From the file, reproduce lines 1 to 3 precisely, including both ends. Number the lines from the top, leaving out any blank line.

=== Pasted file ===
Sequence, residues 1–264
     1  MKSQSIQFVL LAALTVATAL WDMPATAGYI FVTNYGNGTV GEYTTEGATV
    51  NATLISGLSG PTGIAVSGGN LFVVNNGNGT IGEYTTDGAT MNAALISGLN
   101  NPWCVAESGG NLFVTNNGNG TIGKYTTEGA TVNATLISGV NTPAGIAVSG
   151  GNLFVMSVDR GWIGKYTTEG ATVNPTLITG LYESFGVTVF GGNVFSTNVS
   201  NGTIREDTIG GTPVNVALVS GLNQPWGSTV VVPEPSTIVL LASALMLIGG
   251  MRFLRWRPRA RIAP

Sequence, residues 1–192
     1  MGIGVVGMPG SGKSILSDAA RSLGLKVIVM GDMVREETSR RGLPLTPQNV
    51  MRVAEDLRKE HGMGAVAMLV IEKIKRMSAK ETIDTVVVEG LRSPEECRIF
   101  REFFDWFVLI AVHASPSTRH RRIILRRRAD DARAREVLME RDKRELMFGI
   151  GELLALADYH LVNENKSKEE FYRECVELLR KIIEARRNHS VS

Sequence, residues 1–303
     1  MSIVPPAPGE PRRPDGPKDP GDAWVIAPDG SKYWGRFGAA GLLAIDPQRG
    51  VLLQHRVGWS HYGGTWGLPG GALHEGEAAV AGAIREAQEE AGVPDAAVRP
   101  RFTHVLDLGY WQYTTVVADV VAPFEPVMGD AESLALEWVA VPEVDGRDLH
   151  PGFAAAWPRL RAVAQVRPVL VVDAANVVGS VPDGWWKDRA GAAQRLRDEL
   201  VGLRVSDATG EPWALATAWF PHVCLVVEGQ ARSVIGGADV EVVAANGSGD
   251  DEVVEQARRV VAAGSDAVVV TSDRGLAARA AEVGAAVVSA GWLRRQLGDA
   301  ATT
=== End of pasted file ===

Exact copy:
Sequence, residues 1–264
     1  MKSQSIQFVL LAALTVATAL WDMPATAGYI FVTNYGNGTV GEYTTEGATV
    51  NATLISGLSG PTGIAVSGGN LFVVNNGNGT IGEYTTDGAT MNAALISGLN